Since images are large, they bring the following challenges:
- keeping images in the main Git repository with text content makes the repository huge and slow to clone, and should not be done
- storing and serving images could cost us, which we want to avoid
To solve those problems, the following alternatives appear to be stable enough and should be used decreasing preference:
- for all images, use the separate GitHub repository: github.com/cirosantilli/mediaThis way, the entire website is relies on a single third party: GitHub, so we have a simple single point of failure.We are at the mercy of GitHub's 1GB size policy: help.github.com/en/articles/what-is-my-disk-quota, but it will take a while to hit that.GitLab however has a 10Gb maximum size: about.gitlab.com/2015/04/08/gitlab-dot-com-storage-limit-raised-to-10gb-per-repo/ so we could move there is we ever blow up 1Gb on GitHub.Both GitLab and GitHub allow uploading files through the web UI, so downloading a large repo is never needed to contribute.GitHub does not serve videos like it does images however as of 2019.
- Wikimedia Commons for videos if the following conditions are met:
Since Wikimedia Commons has a higher level of curation and is an educational not-for-profit, it is the method most likely to remain available for the longest time.For this reason, we highly recommend uploading any acceptable files there as well as an additional backup.The downside is that its tooling is not as good, e.g. there are a bunch of messy unofficial tools for batch operations, and upload takes more effort.Another downside of Wikimedia Commons is that while we can choose the basename of files, it also adds some extra SHA crap to the beginning of URLs, making them harder to predict.Another serious downside is that they randomly rename images without redirects... e.g. they renamed upload.wikimedia.org/wikipedia/en/0/03/STJ_SVG_file.svg to upload.wikimedia.org/wikipedia/commons/8/81/Superconducting_tunnel_junction.svgAnother "downside" is that they are extremely strict about copyright compliance. This is good because you can be pretty sure that they are correct in general, but it also means that they are very conservative, and delete things where fair use would be OK. And if those fair uses have no Wikipedia page, they won't show up anywhere.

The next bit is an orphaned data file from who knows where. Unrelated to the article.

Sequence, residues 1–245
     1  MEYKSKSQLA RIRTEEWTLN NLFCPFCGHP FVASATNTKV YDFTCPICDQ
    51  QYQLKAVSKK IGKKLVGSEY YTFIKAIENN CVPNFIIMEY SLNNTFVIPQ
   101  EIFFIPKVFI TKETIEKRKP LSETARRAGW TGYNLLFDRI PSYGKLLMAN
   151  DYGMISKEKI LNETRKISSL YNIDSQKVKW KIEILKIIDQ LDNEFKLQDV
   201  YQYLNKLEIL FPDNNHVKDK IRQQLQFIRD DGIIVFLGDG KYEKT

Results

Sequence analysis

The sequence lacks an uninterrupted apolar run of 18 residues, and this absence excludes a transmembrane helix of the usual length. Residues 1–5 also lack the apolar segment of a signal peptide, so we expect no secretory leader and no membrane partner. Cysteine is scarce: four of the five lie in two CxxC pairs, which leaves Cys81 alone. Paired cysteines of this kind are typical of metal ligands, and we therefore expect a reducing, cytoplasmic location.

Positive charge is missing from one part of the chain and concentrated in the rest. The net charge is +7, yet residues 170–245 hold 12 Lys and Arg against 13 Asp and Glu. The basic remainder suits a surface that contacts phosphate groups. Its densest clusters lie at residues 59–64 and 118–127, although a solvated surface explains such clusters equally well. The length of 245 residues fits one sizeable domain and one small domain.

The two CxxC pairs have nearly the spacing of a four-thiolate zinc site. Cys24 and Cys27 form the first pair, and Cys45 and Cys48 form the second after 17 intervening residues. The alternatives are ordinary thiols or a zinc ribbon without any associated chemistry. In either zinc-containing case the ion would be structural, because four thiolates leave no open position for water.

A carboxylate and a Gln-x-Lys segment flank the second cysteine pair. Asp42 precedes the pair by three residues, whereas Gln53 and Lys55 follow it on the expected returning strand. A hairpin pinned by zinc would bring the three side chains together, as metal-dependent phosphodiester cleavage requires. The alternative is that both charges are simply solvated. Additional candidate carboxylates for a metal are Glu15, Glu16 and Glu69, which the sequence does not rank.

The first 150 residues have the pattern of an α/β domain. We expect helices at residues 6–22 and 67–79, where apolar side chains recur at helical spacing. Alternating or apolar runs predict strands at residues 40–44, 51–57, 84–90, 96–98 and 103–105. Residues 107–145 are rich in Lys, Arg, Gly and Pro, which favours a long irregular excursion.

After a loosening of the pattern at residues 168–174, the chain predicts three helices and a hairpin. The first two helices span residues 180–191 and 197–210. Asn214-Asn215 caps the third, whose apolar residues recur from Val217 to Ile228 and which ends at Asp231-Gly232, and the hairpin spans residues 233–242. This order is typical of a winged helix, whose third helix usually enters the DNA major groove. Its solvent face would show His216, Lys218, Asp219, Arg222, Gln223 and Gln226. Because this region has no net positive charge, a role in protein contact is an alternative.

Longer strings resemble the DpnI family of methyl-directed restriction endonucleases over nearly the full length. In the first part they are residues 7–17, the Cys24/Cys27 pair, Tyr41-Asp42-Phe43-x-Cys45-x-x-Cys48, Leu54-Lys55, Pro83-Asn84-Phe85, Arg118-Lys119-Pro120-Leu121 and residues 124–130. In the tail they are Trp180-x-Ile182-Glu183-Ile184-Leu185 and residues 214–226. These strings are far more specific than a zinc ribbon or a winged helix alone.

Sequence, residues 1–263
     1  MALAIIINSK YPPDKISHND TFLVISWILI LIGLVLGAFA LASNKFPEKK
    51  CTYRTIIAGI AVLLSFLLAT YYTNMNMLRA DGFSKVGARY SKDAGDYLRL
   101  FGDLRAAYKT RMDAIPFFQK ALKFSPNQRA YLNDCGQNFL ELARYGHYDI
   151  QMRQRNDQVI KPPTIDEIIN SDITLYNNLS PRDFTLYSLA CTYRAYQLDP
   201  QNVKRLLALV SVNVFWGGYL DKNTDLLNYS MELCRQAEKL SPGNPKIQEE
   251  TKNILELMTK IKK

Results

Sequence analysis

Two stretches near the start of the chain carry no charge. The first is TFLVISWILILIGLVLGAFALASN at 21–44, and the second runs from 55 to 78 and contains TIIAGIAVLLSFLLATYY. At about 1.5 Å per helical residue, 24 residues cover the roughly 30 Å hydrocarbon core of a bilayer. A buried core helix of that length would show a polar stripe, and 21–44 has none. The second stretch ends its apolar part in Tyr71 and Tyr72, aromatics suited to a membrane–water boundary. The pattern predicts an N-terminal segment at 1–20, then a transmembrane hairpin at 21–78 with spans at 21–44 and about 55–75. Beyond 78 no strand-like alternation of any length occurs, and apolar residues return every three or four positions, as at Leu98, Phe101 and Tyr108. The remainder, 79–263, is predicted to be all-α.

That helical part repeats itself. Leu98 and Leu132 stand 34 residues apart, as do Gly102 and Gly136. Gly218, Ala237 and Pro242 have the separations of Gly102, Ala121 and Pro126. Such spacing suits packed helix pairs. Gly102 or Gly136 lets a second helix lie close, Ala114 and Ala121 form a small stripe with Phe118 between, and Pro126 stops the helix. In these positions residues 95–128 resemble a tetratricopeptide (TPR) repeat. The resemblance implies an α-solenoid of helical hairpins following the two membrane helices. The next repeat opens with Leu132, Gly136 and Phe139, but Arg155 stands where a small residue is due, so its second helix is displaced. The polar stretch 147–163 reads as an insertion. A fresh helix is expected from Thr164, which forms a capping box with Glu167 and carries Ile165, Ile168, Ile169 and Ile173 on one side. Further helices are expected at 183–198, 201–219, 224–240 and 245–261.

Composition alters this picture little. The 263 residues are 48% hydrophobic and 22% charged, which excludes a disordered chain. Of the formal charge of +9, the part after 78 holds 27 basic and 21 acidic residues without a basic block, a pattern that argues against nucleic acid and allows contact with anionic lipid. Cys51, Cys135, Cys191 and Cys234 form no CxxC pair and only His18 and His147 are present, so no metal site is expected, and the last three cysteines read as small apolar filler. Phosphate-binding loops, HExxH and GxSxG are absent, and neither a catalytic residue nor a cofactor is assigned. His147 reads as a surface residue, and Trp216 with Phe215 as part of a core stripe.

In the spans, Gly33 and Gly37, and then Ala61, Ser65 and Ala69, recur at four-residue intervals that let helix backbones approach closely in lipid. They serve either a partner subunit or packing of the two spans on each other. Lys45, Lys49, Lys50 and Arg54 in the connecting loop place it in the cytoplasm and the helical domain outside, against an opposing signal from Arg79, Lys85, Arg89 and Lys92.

- in scope: "educational material in a broad sense", but not e.g. "Private image collections, e.g. private party photos, photos of yourself and your friends, your collection of holiday snaps and so on.". I don't think they will be too picky even with low quality photos.
- allowed format, e.g. images or videos, but not ZIPs
- allowed license: CC BY SA, but no fair use
- archive.org for anything else, e.g. videos that Wikimedia commons does not accept.All content will be tracked under the
cirosantillicollection: archive.org/details/cirosantilliarchive.org has a very convenient upload and lax requirements. The generated URLs are predictable (single SHA prefix for the entire collection).Never trust a website that is not on GitHub Pages, for-profit companies will take down everything immediately as soon as it stops making them money.Every external link to non-GitHub pages must be archived. And GitHub links must be forked.We should also backup images that Wikimedia Commons does not accept here in addition to the github.com/cirosantilli/media repository.
The following alternatives seem impossible because Ciro could not find if they expose direct links to the images:
The following do have direct links:
- www.flickr.com e.g. live.staticflickr.com/7437/27402357162_7d91b73cd5_z.jpg documented at help.flickr.com/en_us/get-the-url-of-a-flickr-photo-S1Hnnmjym Also does automatic image size conversion. But only provides ugly autogenerated URLs.
- Instagram does not support upload from computer? Lol?
For videos, YouTube does not allow download, even of Creative Commons videos so uploading only there is not acceptable as it prevents reuse: